Eligible for masseter botox? (photo)

The left side of my face is more round than the right side of my face. The right side has a more defined jaw line while there is too much hypertrophy of my masseter on the left side. I like to work in media but I feel too self conscious to have my face on camera. I'm just curious if I have a good chance of being eligible and it would work for me.

Doctor Answers 10

Botox for Masseter Reduction

{{ voteCount >= 0 ? '+' + (voteCount + 1) : (voteCount + 1) }}

From looking at your photo I do not believe you have hypertrophy of the masseter. Instead what you are seeing is asymmetry of the face. Most of us are not entirely symmetric. If you do have facial asymmetry then filler can be used to help improve your jawline. I advise you to see an expert in this area who can make you some recommendations.

Summit Emergency Medicine Physician

Botox for masseter reduction

{{ voteCount >= 0 ? '+' + (voteCount + 1) : (voteCount + 1) }}

Botox for masseter reduction is a great nonsurgical way to create tapering and slimming of the jawline, and works best in patients with minimal to no descent of the soft tissues of the mid and lower face and with excellent skin elasticity.  In-person evaluation by a physician experienced in Botox for masseter reduction would give a far more accurate assessment of the degree of improvement you can expect.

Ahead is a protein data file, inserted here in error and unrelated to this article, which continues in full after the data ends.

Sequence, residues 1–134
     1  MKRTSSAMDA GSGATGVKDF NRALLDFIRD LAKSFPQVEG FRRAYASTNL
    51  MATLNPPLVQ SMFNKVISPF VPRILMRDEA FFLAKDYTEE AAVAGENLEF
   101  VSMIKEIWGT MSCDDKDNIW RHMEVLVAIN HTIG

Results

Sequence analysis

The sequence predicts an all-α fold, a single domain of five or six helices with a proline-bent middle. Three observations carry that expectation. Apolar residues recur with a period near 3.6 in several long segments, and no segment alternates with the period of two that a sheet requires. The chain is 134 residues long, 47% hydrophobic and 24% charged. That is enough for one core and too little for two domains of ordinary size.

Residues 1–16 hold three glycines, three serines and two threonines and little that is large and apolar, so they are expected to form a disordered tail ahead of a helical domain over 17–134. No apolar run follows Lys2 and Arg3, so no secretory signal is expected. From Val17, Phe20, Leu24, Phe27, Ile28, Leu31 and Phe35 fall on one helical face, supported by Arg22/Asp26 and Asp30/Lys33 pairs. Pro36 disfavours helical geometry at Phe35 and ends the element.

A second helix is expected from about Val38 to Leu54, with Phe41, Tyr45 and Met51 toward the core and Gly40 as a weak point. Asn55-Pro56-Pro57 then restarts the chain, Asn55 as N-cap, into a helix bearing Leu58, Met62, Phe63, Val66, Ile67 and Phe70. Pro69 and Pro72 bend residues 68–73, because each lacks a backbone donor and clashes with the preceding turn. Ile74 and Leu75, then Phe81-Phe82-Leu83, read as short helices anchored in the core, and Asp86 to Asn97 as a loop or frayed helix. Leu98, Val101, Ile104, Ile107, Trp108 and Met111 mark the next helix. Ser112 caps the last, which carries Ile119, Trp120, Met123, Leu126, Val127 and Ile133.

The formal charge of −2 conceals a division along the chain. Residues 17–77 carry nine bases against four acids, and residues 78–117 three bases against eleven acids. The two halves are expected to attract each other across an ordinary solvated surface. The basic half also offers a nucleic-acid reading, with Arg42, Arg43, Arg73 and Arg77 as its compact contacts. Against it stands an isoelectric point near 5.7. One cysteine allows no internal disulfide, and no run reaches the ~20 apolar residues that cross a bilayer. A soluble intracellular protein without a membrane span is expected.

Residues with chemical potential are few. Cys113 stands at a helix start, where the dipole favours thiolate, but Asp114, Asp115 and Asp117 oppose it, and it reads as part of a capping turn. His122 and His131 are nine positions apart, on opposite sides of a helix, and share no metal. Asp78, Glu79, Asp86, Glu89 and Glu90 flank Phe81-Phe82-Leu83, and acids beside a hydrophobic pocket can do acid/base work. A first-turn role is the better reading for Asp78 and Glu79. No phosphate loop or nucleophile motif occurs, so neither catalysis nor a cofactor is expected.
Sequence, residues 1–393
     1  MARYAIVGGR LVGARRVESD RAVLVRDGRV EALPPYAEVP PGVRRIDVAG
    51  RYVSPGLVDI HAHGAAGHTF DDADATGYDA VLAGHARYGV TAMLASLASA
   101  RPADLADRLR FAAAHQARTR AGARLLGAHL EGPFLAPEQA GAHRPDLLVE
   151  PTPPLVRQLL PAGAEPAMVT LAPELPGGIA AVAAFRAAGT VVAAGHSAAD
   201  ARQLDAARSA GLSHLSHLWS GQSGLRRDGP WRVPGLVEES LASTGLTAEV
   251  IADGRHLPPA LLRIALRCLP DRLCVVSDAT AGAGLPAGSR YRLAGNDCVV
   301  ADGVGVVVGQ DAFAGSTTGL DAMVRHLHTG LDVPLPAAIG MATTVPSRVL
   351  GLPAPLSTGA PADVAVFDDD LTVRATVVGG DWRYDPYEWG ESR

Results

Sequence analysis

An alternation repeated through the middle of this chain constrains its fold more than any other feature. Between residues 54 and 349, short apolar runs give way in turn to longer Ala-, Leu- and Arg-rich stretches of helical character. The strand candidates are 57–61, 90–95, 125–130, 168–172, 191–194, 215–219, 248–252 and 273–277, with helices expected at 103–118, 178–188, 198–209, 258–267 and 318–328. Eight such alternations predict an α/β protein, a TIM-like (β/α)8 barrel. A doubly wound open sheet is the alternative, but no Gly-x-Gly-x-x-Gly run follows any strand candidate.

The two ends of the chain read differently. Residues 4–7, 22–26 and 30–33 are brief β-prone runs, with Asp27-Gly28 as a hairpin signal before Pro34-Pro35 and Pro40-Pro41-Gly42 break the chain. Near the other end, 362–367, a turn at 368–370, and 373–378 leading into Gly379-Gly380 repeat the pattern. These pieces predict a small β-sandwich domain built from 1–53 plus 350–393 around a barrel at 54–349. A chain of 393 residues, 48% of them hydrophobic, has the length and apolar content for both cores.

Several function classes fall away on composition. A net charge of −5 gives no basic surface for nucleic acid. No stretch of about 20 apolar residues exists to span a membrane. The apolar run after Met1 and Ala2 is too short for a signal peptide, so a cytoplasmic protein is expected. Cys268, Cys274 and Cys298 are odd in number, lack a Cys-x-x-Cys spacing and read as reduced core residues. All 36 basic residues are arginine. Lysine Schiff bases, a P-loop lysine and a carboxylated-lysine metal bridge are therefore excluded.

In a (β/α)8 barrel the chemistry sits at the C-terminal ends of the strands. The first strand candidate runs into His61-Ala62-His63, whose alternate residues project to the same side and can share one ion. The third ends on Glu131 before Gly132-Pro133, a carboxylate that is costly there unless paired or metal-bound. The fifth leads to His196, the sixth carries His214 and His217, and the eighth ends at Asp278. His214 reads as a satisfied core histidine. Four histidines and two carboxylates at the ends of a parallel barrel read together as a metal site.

Donald B. Yoo, MD
Beverly Hills Facial Plastic Surgeon
4.9 out of 5 stars 63 reviews

Botox works great for masseter hypertrophy; fillers can improve jawline asymmetry, too!

{{ voteCount >= 0 ? '+' + (voteCount + 1) : (voteCount + 1) }}

It is hard to tell from your photo is masseter hypertrophy is your issue, but it may not be. You may just have facial asymmetry. Most of us are not completely symmetric. We tend to notice our own asymmetries more in photos, because we only know ourselves by our reflection. 

Certainly seek the advice of a qualified facial plastic surgeon who can analyze your face and make the appropriate recommendations. If you do have mandibular asymmetry and not masseter hypertrophy, fillers can be used to improve your jawline.

That all being said, you are a good looking guy who would do well on camera. Don't let thiskeep you from pursuing your goals.

Theda C. Kontis, MD
Baltimore Facial Plastic Surgeon
5.0 out of 5 stars 42 reviews

Botox to the masseter for facial asymmetry?

{{ voteCount >= 0 ? '+' + (voteCount + 1) : (voteCount + 1) }}

From your photo it appears that you have the very common finding of bony and soft tissue facial asymmetry.  Masseter injection may help a bit but will not influence the normal asymmetry present in your cheeks and malar eminences.  This might be better treated with facial fat grafting or just left alone since it should not inhibit your career.  "My" first rule of plastic surgery says that any "thing" on your face and body looks 25x as prominent to you as it does to those around you.  Try to keep that in mind and good luck.   Also, click the link below to my facial fat grafting gallery and look at the third photo set of a male with asymmetry before and two years after his fat grafts.